Google walkouts showed what the new tech resistance looks like, with lots of cues from union organizing

Collective bargaining hasn’t traditionally had a place in Silicon Valley. Unions are nearly non-existent for white-collar tech workers, who typically enjoy large salaries, cushy perks and plenty of career mobility thanks to their high-demand skills.

Wendy Liu, the economics editor of UK-based publication “New Socialist” and a former Google employee, says that the protests overall were “incredibly inspiring” as the idea of employee dissent spreads in Silicon Valley.

“For tech workers to even think of themselves as workers — with the implication that their class interests may run counter to that of their bosses — is an exciting development,” she says.

“Tech companies often try to get employees to see themselves as ‘team members,’ and part of a ‘family’ who should feel love and even gratitude for their company.”

She, too, felt that way when she was at Google, she says, before realizing how unhealthy that dynamic was for workers.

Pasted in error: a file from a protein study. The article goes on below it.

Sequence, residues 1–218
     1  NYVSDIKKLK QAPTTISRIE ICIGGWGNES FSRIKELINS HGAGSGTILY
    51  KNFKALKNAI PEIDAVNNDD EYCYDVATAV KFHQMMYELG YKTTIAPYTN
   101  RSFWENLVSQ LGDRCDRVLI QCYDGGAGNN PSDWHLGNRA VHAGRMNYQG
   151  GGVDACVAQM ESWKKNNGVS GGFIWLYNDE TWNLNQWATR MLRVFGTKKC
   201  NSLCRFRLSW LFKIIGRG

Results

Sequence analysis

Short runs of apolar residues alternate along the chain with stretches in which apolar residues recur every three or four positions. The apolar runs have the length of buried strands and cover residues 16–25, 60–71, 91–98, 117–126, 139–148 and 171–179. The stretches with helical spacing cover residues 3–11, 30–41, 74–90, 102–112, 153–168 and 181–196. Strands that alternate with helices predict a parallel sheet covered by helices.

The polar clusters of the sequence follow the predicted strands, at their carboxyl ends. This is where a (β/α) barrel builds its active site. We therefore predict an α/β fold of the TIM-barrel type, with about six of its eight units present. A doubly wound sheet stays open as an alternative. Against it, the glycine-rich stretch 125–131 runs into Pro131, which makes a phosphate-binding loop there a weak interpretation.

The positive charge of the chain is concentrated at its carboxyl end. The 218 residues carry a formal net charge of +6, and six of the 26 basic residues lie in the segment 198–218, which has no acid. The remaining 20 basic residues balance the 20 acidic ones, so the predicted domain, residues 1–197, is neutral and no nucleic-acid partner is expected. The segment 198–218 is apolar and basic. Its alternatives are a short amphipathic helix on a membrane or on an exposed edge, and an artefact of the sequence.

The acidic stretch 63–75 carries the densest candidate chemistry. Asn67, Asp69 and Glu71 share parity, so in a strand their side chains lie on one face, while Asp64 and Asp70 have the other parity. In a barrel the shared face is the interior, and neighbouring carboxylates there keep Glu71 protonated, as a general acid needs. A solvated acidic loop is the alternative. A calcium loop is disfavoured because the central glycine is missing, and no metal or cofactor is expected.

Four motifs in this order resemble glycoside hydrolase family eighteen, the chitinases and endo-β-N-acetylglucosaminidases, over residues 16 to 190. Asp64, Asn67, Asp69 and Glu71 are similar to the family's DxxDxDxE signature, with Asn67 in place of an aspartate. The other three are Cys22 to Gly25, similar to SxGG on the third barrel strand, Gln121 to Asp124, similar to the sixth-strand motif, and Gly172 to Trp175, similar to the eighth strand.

On Thursday, Google employees borrowed tactics from historical labor organizing. In their statement of demands, the protest’s leading organizers linked themselves to movements like the teachers strike in West Virginia and the “Fight for $15” demonstrations by fast-food workers.

Indeed, the San Francisco demonstration was even held in Harry Bridges Plaza — Bridges was an influential union leader in the early 20th century — and speakers spoke of his and other examples of historical labor organizing. Demonstrators in San Francisco also talked about the simultaneous union strikes by Marriott employees.

Blue-collar workers at major tech companies, like Facebook’s cafeteria workers and Bay Area security guards, have started unionizing over the past several years. In another sign of the burgeoning “new tech resistance,” organizers of Google’s protests were deliberate about including those contract workers in their demands.

Tech firms are increasingly hiring contractors, vendors, and temps (TVCs), which can boost profits and speed up hiring. However, those workers typically make less, shoulder higher benefits costs, and lack the job security of direct employees. Earlier this year, Bloomberg reported the astounding stat that Alphabet employed more TVCs than direct employees. No small feat, as Alphabet had 85,050 direct staffers at the time.

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